Deadly French Jewish School Shooting Has 'Striking Similarities' To Recent Killings

Southwest France has seen its third deadly shooting in the past week, as a killer rides up on a scooter at a Jewish school in Toulouse. Police are investigating possible links with recent killings of French soldiers in the region.

Police cordon off the area surrounding the Ozar Hatorah school (6MON2PANAME)
Police cordon off the area surrounding the Ozar Hatorah school (6MON2PANAME)


TOULOUSE - A gunman opened fire in front of a Jewish school in the southwest French city of Toulouse, killing four people, including three children.

Witnesses saw the shooter opening fire from his scooter on a group of adults and children outside the Ozar Hatorah school at around 8.15am. The killer then left his black scooter to follow children into the school, before riding away.

The victims are a 30-year-old teacher and his sons, three and six years old, and the school headmaster's daughter, aged 10.

French President Nicolas Sarkozy called the shootings an "abominable drama" and a "frightening tragedy," while his main opponent for the 2012 presidential election François Hollande said he was going to go to Toulouse "immediately" out of "solidarity" for the Jewish community.

It's the third shooting in the region in the past week carried out from a motorbike.

On Thursday, a driveby gunman opened fire on three uniformed paratroopers at an ATM in Montauban around 50 kilometers from Toulouse, killing two and critically wounding the other, before speeding away. Four days earlier, a gunman on a motorbike shot and killed another paratrooper in Toulouse.

Sarkozy said there were "striking similarities' between Monday's shooting and last week's attacks.

According to police officials, the Ozar Hatorah school killer was armed with two guns, one of them matching the caliber of the shootings in Toulouse and Montauban last week.

Read more from Le Monde in French


*Newsbites are digest items, not direct translations

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Debt Trap: Why South Korean Economics Explains Squid Game

Crunching the numbers of South Korea's personal and household debt offers a glimpse into what drives the win-or-die plot of the Netflix hit produced in the Asian country.

In the Netflix series, losers of the game face death

Yip Wing Sum


SEOUL — The South Korean series Squid Game has become the most viewed series on Netflix, watched by over 111 million viewers and counting. It has also generated a wave of debate online and off about its provocative message about contemporary life.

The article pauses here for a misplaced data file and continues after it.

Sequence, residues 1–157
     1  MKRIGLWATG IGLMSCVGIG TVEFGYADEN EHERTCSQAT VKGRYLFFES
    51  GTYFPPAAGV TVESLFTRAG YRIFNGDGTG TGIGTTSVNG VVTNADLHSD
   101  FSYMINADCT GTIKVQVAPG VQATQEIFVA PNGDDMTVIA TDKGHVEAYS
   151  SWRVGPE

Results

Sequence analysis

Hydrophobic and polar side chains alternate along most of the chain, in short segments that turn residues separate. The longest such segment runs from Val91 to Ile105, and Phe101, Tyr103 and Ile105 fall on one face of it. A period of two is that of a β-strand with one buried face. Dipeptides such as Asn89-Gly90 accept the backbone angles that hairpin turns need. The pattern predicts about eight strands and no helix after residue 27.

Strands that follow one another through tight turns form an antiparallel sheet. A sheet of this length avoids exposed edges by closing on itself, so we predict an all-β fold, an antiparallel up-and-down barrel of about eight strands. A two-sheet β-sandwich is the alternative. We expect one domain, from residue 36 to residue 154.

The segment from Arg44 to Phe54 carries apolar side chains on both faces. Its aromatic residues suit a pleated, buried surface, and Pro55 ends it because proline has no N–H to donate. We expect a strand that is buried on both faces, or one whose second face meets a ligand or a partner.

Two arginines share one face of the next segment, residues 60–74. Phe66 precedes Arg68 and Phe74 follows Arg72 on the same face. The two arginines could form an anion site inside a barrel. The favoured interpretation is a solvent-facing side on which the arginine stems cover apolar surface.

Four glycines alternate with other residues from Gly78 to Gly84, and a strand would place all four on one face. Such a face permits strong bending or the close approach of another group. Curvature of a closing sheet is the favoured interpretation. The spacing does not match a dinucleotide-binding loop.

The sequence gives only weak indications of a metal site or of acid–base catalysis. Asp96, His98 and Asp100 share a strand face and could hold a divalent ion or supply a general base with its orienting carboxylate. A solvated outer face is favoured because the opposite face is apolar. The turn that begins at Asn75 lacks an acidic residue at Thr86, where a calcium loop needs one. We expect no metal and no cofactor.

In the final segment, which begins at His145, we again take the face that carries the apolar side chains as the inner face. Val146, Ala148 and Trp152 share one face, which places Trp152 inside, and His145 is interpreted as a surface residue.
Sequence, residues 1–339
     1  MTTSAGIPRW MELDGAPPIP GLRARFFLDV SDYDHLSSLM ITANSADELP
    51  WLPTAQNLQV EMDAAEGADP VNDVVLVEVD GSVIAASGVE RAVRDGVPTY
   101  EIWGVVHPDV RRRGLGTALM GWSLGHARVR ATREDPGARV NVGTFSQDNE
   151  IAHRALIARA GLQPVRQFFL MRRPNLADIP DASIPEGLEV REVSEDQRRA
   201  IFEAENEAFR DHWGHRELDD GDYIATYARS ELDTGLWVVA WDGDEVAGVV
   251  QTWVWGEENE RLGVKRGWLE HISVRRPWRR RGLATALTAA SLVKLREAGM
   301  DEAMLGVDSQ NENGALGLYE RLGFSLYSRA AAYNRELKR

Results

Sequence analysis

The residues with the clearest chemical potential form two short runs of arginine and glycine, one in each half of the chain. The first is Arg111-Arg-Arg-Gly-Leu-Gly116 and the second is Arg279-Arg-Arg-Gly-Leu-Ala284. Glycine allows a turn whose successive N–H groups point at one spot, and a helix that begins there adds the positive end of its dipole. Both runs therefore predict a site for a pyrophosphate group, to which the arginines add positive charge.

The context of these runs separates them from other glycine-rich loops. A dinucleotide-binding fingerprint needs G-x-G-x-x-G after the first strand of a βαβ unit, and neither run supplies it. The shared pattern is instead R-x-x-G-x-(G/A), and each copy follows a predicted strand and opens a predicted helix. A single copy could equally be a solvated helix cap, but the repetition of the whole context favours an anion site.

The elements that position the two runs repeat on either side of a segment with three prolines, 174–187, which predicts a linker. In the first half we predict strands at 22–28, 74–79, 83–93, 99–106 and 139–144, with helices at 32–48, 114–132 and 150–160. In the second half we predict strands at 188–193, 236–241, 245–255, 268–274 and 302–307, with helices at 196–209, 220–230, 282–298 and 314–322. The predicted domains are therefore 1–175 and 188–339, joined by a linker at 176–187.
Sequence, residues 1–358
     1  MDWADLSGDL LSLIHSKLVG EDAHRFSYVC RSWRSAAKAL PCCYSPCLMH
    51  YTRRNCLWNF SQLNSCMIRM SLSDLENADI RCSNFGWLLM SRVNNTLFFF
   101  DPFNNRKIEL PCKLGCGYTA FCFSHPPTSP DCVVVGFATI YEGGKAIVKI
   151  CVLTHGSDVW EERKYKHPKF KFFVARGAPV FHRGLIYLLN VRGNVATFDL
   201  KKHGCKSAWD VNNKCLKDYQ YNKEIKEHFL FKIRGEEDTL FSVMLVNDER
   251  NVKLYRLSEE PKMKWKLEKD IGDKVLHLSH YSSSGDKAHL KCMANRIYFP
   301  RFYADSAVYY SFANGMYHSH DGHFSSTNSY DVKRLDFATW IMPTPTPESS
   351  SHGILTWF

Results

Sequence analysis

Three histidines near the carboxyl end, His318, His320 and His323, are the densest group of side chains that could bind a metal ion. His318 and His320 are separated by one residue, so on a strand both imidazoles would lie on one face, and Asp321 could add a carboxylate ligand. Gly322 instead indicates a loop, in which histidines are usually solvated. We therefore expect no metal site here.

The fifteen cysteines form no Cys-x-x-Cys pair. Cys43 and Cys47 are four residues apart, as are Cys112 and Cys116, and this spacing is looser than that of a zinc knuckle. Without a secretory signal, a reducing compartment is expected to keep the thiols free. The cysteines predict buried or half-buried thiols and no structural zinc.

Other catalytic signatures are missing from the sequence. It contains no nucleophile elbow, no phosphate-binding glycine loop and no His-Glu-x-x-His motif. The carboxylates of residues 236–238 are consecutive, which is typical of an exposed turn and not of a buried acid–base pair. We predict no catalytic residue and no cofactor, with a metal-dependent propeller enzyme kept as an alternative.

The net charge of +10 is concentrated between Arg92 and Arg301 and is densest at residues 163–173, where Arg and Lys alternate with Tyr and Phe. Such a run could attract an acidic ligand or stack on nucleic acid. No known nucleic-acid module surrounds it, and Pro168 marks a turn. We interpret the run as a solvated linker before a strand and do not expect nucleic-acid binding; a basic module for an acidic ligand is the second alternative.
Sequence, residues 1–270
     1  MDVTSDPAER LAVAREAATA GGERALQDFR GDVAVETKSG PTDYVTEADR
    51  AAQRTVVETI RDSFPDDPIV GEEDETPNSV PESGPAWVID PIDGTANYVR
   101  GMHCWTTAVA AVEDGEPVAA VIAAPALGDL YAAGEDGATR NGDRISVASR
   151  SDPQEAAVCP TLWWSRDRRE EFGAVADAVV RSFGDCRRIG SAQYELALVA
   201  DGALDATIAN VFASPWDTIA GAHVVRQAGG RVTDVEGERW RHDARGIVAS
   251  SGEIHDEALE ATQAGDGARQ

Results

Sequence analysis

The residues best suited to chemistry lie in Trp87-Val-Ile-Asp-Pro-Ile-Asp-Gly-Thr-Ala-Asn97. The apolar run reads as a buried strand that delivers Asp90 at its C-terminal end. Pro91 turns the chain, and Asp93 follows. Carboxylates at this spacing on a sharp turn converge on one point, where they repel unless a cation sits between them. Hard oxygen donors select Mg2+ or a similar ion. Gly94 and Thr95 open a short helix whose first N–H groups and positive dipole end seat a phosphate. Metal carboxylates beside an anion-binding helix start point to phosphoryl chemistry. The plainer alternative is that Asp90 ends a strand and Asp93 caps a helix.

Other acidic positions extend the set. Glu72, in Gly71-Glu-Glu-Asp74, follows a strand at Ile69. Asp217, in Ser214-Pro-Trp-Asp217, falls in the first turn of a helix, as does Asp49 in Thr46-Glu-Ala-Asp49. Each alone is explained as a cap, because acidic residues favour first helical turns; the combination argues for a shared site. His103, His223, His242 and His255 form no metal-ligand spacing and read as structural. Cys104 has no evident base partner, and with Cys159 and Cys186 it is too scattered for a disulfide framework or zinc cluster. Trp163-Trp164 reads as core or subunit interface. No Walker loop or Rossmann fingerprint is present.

The plot follows the story of a desperate man in debt, who receives a mysterious invitation to play a game in which the contestants gamble their lives on six childhood games, with the winner awarded a prize of 45.6 billion won ($38 million)... while the losers face death.

It's a plot that many have noted is not quite as surreal as it sounds, a reflection of the reality of Korean society today mired in personal debt.

Seoul housing prices top London and New York

In the polished streets of downtown Seoul, one sees endless cards and coupons advertising loans scattered on the ground. Since the outbreak of the pandemic, as the demand for loans in South Korea has exploded, lax lending policies have led to a rapid increase in personal debt.

According to the South Korean Central Bank's "Monetary Credit Policy Report," household debt reached 105% of GDP in the first quarter of this year, equivalent to approximately $1.5 trillion at the end of March, with a major share tied up in home mortgages.

Average home loans are equivalent to 270% of annual income.

One reason behind the debts is the soaring housing prices. In Seoul, home to nearly half of the country's population, housing prices are now among the highest in the world. The price to income ratio (PIR), which weighs the average price of a home to the average annual household income, is 12.04 in Seoul, compared to 8.4 in San Francisco, 8.2 in London and 5.4 in New York.

According to the Korea Real Estate Commission, 42.1% of all home purchases in January 2021 were by young Koreans in their 20s and 30s. For those in their 30s, the average amount borrowed is equivalent to 270% of their annual income.

Playing the stock market

At the same time, the South Korean stock market is booming. The increased demand to buy stocks has led to an increase in other loans such as credit. The ratio for Korean shareholders conducting credit financing, i.e. borrowing from securities companies to secure stock holdings, had reached 21.4 trillion won ($17.7 billion), further increasing the indebtedness of households.

A 30-year-old Seoul office worker who bought stocks through various forms of borrowing was interviewed by Reuters this year, and said he was "very foolish not to take advantage of the rebound."

In addition to his 100 million won ($84,000) overdraft account, he also took out a 100 million won loan against his house in Seoul, and a 50 million won stock pledge. All of these demands on the stock market have further exacerbated the problem of household debt.

42.1% of all home purchases in January 2021 were by young Koreans in their 20s and 30s

Simon Shin/SOPA Images/ZUMA

Game of survival

In response to the accumulating financial risks, the Bank of Korea has restricted the release of loans and has announced its first interest rate hike in three years at the end of August.

But experts believe that even if banks cut loans or raise interest rates, those who need money will look for other ways to borrow, often turning to more costly institutions and mechanisms.

This all risks leading to what one can call a "debt trap," one loan piling on top of another. That brings us back to the plot of Squid Game, "Either you live or I do." South Korean society has turned into a game of survival.

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